Monitoring of learning is only accurate at some time after learning. It is thought that immediate monitoring is based on working memory, whereas later monitoring requires re-activation of stored items, yielding accurate judgements. Such interpretations are difficult to test because they require reverse inference, which presupposes specificity of brain activity for the hidden cognitive processes. We investigated whether multivariate pattern classification can provide this specificity. We used a word recall task to create single trial examples of immediate and long term retrieval and trained a learning algorithm to discriminate them. Next, participants performed a similar task involving monitoring instead of recall. The recall-trained classifier recognized the retrieval patterns underlying immediate and long term monitoring and classified delayed monitoring examples as long-term retrieval. This result demonstrates the feasibility of decoding cognitive processes, instead of their content.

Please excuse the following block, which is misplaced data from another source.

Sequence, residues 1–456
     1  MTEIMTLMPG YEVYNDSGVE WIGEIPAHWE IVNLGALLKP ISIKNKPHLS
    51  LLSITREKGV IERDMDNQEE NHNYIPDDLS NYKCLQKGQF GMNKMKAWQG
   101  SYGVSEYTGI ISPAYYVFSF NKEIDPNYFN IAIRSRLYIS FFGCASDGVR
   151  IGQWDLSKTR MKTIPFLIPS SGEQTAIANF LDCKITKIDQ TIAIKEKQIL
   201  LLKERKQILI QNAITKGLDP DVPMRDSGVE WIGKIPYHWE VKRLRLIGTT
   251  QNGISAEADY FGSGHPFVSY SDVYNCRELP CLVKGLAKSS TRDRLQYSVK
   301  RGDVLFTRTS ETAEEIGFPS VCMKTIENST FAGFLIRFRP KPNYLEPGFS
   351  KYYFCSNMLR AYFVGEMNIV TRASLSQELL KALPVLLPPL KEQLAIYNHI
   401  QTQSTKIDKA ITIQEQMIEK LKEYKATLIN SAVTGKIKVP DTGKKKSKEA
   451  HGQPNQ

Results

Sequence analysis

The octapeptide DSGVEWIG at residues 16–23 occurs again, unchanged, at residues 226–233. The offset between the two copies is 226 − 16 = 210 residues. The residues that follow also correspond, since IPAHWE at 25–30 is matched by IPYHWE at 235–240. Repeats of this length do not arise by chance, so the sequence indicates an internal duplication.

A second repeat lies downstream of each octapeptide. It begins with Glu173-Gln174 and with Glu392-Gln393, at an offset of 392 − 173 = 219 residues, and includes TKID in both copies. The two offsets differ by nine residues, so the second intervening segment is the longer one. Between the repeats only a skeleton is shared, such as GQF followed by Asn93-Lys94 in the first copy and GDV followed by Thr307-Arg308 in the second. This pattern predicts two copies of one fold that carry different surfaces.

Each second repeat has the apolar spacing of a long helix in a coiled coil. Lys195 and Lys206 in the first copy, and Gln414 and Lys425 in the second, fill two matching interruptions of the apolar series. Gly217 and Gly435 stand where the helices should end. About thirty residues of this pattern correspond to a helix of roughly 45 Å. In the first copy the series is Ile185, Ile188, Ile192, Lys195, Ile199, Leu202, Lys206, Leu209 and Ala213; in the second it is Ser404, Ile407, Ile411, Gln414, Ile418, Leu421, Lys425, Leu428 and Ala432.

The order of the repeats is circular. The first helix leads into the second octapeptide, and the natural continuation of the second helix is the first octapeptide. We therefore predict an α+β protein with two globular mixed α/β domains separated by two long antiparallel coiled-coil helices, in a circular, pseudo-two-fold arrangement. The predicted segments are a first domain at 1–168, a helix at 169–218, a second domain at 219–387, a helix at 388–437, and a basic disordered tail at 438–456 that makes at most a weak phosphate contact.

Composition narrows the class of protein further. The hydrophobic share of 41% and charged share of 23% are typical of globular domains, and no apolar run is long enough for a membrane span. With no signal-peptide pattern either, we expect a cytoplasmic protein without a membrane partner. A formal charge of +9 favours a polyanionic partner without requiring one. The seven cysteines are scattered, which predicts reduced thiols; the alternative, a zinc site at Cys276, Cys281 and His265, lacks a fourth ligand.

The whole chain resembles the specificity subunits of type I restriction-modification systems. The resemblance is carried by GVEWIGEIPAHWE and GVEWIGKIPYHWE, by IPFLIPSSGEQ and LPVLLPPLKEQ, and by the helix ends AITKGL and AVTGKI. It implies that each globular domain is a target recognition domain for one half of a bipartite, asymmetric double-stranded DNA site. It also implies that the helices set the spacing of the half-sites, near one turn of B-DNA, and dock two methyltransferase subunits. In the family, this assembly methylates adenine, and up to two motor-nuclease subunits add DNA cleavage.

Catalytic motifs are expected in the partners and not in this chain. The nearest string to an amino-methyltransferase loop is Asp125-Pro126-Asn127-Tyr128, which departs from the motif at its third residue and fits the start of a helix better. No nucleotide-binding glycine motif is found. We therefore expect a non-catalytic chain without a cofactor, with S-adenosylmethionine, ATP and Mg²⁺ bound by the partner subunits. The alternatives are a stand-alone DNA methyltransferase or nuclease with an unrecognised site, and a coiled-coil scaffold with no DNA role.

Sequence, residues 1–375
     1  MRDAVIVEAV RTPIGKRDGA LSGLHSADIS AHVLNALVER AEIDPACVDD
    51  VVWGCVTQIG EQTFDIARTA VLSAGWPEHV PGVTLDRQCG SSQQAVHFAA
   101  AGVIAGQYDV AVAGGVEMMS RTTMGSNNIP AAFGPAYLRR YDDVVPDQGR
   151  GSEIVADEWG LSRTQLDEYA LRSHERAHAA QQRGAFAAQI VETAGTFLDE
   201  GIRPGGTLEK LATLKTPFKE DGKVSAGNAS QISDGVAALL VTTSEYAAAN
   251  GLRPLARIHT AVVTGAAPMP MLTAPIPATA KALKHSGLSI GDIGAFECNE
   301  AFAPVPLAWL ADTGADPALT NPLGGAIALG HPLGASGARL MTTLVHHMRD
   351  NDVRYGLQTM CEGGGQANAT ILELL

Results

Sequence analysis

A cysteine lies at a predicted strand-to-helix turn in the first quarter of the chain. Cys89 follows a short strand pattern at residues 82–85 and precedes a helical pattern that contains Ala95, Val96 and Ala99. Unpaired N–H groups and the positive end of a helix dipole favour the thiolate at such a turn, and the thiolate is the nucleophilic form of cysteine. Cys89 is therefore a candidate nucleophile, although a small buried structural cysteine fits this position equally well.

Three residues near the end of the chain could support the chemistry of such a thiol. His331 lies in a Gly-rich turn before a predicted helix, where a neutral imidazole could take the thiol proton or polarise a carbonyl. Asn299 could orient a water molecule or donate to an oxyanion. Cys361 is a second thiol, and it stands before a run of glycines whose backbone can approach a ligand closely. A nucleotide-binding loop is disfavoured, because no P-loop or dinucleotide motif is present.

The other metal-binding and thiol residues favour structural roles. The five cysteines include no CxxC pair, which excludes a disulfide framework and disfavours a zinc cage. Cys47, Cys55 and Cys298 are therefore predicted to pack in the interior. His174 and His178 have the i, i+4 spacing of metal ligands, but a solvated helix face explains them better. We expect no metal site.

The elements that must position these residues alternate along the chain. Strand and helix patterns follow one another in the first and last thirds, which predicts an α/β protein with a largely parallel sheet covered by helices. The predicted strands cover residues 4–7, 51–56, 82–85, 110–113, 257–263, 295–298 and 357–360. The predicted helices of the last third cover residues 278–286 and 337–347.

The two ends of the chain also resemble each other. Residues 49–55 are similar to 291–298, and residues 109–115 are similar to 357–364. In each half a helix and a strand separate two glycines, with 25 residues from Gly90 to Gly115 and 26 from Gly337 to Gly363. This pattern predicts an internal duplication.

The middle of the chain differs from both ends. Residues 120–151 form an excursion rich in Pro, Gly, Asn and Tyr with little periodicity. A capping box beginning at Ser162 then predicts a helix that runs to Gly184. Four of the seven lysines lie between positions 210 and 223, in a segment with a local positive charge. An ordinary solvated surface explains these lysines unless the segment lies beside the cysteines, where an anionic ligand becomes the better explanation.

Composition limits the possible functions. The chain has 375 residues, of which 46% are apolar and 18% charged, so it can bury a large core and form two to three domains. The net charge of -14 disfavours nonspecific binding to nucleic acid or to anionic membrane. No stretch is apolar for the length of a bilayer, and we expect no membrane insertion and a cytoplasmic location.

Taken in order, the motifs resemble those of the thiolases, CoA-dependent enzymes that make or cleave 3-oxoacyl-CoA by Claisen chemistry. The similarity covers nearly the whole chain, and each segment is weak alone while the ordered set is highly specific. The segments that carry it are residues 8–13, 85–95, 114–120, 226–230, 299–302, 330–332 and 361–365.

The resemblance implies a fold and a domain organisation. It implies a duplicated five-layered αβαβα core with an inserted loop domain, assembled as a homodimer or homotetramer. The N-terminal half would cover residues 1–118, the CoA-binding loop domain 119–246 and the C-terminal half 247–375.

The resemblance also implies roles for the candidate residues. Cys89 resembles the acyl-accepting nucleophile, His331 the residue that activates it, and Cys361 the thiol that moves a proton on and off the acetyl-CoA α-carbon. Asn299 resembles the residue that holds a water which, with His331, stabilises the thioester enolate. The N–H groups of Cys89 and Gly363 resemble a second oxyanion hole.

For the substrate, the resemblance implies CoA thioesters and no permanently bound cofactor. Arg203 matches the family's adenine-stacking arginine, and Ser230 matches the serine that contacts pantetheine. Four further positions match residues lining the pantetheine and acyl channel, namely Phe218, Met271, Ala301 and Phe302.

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Department of Psychology

Stiers, P, Falbo, L, Goulas, A, van Gog, T.A.J.M, & de Bruin, A.B.H. (2016). Reverse inference of memory retrieval processes underlying metacognitive monitoring of learning using multivariate pattern analysis. NeuroImage, 132, 11–23. doi:10.1016/j.neuroimage.2016.02.008